Not even a year passes and we’re back at the Thunderbolt with the honour of seeing the big, bad, beautiful Band of Holy Joy. And what a not quite 12 months it’s been, the world sits firmly in the hand cart as we’re pushed off the metaphorical cliff into a not so metaphorical hell… of course it could be heaven depending on your point of view, (gotta keep the balance) who better to wave us off and soundtrack the journey than Johny and the band?
If I was writing some hack piece to fill up a random website’s acres of content hungry space I would probably talk about BOHJ’s renewed energy and sense of purpose and tell you their next album will be their best yet. Well the new album may well reach those heights, but Holy Joy never lost their sense of purpose or their energy for that matter, at least not from where I’m listening and as they so adroitly avoid cliche so I should at least try to do the same.
Tonight before we go forward we go back, over 30 years incredibly, to the Aspidistra House, our entry into their world. I think Johny must construct set lists like he’s plotting a novel, because then without pausing for breath he grabs everyone in the room by reminding us, Isn’t that Just the Life? Which of course it is.
It’s a set list of all peaks and no troughs, but with certain key moments that nail the themes BOHJ articulate so well.
New song, The Devil Has a Hold on the Land looms out of the night and tackles what these days is the ever present beast in the room. A comprehensive take down of a society corroded by greed, self interest, hate and empty narcissism, it comforts by deriding the banal cruelty that goes unremarked all too often but sidesteps the perils of empty polemics and name calling. Of course it’s all the more effective as a result and provides illumination rather than dour bleakness, because Holy Joy are never dour, the clue is in the name.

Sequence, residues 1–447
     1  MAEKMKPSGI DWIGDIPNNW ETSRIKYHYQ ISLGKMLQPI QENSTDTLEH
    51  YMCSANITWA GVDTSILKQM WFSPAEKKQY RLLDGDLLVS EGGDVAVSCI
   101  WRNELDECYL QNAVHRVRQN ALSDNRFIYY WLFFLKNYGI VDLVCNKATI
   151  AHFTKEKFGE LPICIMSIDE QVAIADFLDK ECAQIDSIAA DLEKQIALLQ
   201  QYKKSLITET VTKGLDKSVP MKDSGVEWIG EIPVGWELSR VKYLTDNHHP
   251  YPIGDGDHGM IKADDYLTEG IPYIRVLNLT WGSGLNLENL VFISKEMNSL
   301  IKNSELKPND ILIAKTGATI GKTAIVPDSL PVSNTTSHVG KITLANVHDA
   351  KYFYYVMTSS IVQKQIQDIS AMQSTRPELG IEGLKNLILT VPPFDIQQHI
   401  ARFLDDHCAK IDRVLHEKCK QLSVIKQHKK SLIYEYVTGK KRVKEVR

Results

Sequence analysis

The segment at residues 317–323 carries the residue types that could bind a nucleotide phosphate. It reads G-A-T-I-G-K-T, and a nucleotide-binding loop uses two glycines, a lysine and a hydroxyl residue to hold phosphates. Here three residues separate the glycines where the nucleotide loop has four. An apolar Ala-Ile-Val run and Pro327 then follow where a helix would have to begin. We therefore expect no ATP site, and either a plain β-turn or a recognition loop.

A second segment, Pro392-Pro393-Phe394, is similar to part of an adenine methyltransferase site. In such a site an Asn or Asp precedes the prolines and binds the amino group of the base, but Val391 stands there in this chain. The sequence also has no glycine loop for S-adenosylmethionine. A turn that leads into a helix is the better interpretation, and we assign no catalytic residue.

Ferocious they may be but this band is also more than capable of delicacy and can switch mood beautifully. There is an indie pop heart beating within many of these songs, just listen to Open the Door to Your Heart or Come Home to Me, joyous in excelsis AND you can sing along…
Elsewhere Funambulist We Love You feels firmly established as an alternative classic, anthemic without bluster and all too well capable of oiling tear ducts, as I know well.
Watching Johny and the band makes me think of a quote from Shamus Heaney, (yeah, ok I admit I had to check the specifics…) about the difference between optimism and hope, ‘hope is not optimism, which expects things to turn out well, but something rooted in the conviction that there is good worth looking for’. Johny has seen too much to simply be an optimist, so he shows us a culture that values people by how much they can produce or how much content they can create, where there’s apparently no alternative to just letting the market decide with all the horror that implies, all the time burning with a righteous hope and belief that change can happen even when it all seems too much.
As the songs says, ‘Some nights I admit I break, I just walk and I cry. But I’m going to change this world before I die…’
We’re lucky to have them.
Long live Holy Joy.
Words Simon Heavisides Images Brian Gibson